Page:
Rebels in Bohemia: The Radicals of the Masses, 1911-1917

By Leslie Fishbein | Go to book overview
Save to active project

Chapter 7 The New Feminism

Stereotyping by Sex

The Victorian heritage of the new radicals was particularly evident with regard to their feminism. Although most of them campaigned actively for equality between the sexes, their view of sex roles was limited by stereotypes inherited from a previous age. The Victorians viewed the female body as a limited system that provided women with only enough energy for childbearing. Physicians advocated that young women limit their activities to a quiet regimen of domestic routine that would provide moderate exercise and permit the full development of the maternal organs.1 Obviously such a view of women saw the maternal function as their transcendent purpose and designated the home as women's proper sphere. This Victorian view was reinforced for the new radicals by the writings of Sigmund Freud. From a Freudian perspective, women were hommes manqués, embittered for having been wronged from infancy, brought into the world as women instead of as men.2 They were lesser beings of a different order from men. Sexual differentiation was reflected in personality type from infancy onward; females by nature tended toward passivity and sexual repression.3

Victorian stereotypes pervaded the writings of the new radicals on the subject of women. Charles Erskine Scott Wood viewed nature as a feminine principle, benevolent, soothing, a mother to a helpless child.4 Wood viewed himself as that child, who rested his head in Nature's lap and there found ease and the succor of freedom.5 This image also occurs during Floyd Dell's psychoanalysis. Dell composed four lines of verse about a dream in which he returned to a female figure and laid his head upon her knees to weep; the woman silently drew his hands into hers "for rest and keeping." In recalling the dream Dell realized that the woman in it had been his mother, a "very illuminating" thought for a man in analysis.6 Both in Wood's poetic fancy and in Dell's dream-work women appear as maternal creatures who can bring rest and comfort to their troubled men-children.


Notes for this page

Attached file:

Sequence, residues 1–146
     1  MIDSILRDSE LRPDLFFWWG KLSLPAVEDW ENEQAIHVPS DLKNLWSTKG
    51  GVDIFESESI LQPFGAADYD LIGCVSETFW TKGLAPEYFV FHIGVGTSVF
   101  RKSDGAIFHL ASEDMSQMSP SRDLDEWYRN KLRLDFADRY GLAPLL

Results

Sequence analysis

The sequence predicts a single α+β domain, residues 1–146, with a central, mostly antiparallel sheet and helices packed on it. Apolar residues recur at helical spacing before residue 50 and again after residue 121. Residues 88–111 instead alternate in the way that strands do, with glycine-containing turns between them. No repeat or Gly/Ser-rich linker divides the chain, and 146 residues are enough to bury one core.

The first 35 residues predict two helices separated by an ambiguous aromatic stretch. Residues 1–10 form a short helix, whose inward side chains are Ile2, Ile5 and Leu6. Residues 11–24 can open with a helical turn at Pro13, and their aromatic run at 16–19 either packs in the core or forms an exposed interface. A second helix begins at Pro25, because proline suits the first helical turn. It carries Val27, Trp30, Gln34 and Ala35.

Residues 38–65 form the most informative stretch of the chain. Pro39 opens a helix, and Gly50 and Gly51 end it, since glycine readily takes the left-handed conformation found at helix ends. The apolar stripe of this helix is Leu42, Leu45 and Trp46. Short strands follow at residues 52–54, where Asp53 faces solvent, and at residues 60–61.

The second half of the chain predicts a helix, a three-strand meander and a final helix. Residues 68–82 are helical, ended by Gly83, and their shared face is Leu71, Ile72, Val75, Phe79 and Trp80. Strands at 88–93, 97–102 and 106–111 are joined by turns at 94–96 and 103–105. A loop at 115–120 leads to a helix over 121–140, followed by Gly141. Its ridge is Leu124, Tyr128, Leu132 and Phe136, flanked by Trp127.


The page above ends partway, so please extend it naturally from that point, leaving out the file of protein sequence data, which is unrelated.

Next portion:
Add a new note
If you are trying to select text to create highlights or citations, remember that you must now click or tap on the first word, and then click or tap on the last word.
Loading One moment ...
Project items
Cite this page

Cited page

Citations are available only to our active members.
Sign up now to cite pages or passages in MLA, APA and Chicago citation styles.

Cited page

Bookmark this page
Rebels in Bohemia: The Radicals of the Masses, 1911-1917


Text size Smaller Larger
Search within

Search within this book

Look up

Look up a word

  • Dictionary
  • Thesaurus
Please submit a word or phrase above.
Print this page

Print this page

Why can't I print more than one page at a time?

While we understand printed pages are helpful to our users, this limitation is necessary to help protect our publishers' copyrighted material and prevent its unlawful distribution. We are sorry for any inconvenience.
Full screen
/ 270

matching results for page

Cited passage

Citations are available only to our active members.
Sign up now to cite pages or passages in MLA, APA and Chicago citation styles.

Cited passage

Welcome to the new Questia Reader

The Questia Reader has been updated to provide you with an even better online reading experience.  It is now 100% Responsive, which means you can read our books and articles on any sized device you wish.  All of your favorite tools like notes, highlights, and citations are still here, but the way you select text has been updated to be easier to use, especially on touchscreen devices.  Here's how:

1. Click or tap the first word you want to select.
2. Click or tap the last word you want to select.

OK, got it!

Thanks for trying Questia!

Please continue trying out our research tools, but please note, full functionality is available only to our active members.

Your work will be lost once you leave this Web page.

For full access in an ad-free environment, sign up now for a FREE, 1-day trial.

Already a member? Log in now.

Are you sure you want to delete this highlight?